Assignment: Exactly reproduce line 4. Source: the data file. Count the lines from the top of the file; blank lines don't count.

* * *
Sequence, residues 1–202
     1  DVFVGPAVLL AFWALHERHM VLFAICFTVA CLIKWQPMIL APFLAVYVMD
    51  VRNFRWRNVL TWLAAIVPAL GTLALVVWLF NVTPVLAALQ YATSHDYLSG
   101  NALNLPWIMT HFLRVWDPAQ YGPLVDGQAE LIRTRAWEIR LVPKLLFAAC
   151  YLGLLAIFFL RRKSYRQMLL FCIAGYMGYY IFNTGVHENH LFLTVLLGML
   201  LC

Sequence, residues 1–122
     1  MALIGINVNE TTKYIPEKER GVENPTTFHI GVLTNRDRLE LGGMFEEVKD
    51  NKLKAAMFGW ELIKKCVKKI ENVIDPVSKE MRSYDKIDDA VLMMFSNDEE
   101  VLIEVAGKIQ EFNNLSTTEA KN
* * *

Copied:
   101  NALNLPWIMT HFLRVWDPAQ YGPLVDGQAE LIRTRAWEIR LVPKLLFAAC